High-Quality Low-Cost Patient Care: Why the ASC Model May Well Represent the Future of Healthcare Providers in the US?

High-Quality Low-Cost Patient Care: Why the ASC Model May Well Represent the Future of Healthcare Providers in the US?

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The major challenge dominating the healthcare industry has always been to lower the cost of patient care while not sacrificing quality. As technology continues to advance in surgery, more procedures can be done outside a traditional hospital setting (such as in surgery centers and physician offices). Ambulatory Surgery Centers (ASCs) have stood as the “high-quality low-cost patient care” model despite many regulatory changes in the healthcare scene.

With ASCs, Medicare and its beneficiaries share in more than $2.6 billion in savings annually because Medicare pays significantly less for procedures performed in ASCs compared to hospital outpatient departments (HOPDs). This trend encompasses more than just Medicare; ASCs are highly sought after by payers who are looking for lower facility fees. Commercial insurance providers and their beneficiaries save $38 billion each year with ASCs.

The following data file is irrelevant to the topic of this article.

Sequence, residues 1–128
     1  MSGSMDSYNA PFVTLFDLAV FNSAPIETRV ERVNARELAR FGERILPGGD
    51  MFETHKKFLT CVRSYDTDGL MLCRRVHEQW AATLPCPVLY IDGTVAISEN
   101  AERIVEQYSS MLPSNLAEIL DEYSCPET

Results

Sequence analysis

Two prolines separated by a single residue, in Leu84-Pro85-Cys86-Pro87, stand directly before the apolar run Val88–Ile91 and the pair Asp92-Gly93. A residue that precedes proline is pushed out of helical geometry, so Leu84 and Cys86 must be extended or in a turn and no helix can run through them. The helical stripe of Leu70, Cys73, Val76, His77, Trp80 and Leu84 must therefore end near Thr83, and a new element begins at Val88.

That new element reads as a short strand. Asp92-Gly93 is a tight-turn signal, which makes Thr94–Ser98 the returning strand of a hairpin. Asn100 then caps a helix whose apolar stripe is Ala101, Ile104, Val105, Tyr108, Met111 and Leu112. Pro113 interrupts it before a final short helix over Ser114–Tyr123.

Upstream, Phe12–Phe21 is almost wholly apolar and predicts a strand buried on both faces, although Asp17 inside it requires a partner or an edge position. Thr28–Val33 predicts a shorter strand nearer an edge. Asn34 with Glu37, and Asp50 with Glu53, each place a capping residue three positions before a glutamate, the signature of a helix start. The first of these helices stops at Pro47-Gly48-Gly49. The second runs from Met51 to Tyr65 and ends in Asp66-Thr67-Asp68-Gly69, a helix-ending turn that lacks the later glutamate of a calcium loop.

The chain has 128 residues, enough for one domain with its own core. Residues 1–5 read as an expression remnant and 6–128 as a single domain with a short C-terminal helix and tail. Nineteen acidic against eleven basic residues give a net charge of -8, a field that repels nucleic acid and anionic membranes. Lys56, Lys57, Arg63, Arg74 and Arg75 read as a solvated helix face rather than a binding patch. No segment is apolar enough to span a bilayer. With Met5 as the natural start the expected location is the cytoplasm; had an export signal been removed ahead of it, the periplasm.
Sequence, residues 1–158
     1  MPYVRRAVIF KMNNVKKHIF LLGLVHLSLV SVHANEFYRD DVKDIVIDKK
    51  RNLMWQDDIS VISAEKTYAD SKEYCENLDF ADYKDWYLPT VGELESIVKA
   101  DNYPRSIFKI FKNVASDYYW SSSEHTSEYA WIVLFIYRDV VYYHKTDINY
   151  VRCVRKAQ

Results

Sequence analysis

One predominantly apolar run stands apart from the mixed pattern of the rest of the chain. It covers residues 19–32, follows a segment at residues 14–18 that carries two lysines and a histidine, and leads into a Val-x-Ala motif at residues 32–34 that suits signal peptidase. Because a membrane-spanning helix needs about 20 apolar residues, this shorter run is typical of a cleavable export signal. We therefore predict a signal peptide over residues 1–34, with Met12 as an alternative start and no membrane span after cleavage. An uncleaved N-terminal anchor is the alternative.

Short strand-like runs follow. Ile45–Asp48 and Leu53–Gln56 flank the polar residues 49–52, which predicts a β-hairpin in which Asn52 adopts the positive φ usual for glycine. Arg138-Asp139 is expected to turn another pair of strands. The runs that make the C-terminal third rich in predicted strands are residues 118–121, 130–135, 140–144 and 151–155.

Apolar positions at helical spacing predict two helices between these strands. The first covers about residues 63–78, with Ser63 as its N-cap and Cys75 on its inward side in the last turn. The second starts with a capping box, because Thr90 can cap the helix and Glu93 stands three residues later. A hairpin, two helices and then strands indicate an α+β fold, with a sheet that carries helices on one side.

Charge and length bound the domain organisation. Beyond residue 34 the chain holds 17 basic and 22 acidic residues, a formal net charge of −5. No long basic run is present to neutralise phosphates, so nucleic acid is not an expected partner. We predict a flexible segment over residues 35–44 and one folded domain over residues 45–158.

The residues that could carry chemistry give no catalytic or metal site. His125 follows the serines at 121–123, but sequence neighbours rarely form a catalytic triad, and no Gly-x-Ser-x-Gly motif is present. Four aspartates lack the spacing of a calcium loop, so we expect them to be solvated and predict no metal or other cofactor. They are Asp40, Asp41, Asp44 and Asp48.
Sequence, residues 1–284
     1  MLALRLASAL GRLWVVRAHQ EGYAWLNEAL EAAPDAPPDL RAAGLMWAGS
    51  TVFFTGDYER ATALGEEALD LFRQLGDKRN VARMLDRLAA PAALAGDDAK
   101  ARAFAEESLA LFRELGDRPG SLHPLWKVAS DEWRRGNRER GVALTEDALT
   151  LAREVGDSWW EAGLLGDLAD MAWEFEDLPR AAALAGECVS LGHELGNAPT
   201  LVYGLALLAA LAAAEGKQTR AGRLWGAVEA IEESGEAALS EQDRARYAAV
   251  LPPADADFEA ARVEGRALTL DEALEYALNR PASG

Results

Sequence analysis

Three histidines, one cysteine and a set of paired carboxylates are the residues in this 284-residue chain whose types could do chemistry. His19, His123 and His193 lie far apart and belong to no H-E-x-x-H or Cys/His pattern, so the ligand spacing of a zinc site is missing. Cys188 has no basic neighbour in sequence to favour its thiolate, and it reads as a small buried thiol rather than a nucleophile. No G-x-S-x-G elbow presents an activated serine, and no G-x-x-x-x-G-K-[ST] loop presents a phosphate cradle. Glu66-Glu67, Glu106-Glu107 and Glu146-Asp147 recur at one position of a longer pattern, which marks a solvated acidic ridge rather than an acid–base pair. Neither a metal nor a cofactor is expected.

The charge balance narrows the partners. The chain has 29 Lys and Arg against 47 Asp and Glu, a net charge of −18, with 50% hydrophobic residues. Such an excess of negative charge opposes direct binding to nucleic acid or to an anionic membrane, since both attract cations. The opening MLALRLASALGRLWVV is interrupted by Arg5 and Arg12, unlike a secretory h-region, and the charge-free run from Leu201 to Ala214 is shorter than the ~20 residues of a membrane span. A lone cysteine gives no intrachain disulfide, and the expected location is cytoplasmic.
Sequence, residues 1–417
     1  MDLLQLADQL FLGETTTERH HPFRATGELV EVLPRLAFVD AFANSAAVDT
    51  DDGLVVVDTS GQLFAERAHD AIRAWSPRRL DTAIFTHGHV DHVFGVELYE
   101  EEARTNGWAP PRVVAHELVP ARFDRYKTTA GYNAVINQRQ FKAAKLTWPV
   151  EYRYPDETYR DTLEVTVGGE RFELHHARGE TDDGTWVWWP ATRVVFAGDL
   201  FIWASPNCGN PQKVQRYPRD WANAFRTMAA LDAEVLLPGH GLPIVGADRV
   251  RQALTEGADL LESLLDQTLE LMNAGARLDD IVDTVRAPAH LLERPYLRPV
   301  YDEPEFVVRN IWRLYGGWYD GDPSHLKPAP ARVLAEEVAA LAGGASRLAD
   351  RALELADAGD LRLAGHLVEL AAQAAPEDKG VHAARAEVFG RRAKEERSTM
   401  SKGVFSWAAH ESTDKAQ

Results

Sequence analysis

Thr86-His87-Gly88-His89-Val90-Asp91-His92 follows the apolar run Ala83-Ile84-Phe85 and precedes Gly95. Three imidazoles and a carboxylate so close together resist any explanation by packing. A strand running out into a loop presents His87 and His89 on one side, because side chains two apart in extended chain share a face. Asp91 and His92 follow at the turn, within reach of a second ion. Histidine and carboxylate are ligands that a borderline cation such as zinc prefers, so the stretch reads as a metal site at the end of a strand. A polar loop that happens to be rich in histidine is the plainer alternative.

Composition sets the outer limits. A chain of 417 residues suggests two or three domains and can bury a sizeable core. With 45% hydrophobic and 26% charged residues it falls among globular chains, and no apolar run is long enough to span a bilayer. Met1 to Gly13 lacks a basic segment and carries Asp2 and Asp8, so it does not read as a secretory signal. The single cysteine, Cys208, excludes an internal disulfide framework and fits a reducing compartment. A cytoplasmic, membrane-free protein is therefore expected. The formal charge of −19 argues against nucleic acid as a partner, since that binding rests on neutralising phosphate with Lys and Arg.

In its 2017 ASC Payment System rates and policies, CMS projects a 1.9 percent increase. On the other hand, as part of the Bipartisan Budget Act of 2015 (Budget Deal), Congress mandated that, beginning in 2017, all off-campus physician practices and ASCs acquired by a hospital, following enactment of the law in November 2015, would no longer be reimbursed using the HOPD payment rates. CMS calls them “off-campus provider-based departments (PBDs).” Off-campus PBDs will be paid under MPFS (Medicare Physician Fee Schedule) in most cases instead of the higher-paying OPPS.

On the patient’s side, co-pays are significantly lower when care is received in an ASC. For instance, a (Medicare beneficiary) patient could be paying $496 for co-insurance in a cataract extraction procedure if performed in the HOPD; whereas in an ASC setting, the patient could pay as little as a $195 co-pay.

Here’s an infographic of how ASCs have evolved over the years and helped bring healthcare costs down while increasing patient satisfaction.

Hospitals who want to avoid the cost of running non-acute outpatient departments are also beginning to establish ASCs of their own or entering into joint partnerships. Hence the rise of ASCs in recent years. In 2014 alone, there were more than 5000 ASCs performing 23 million surgeries a year.

 

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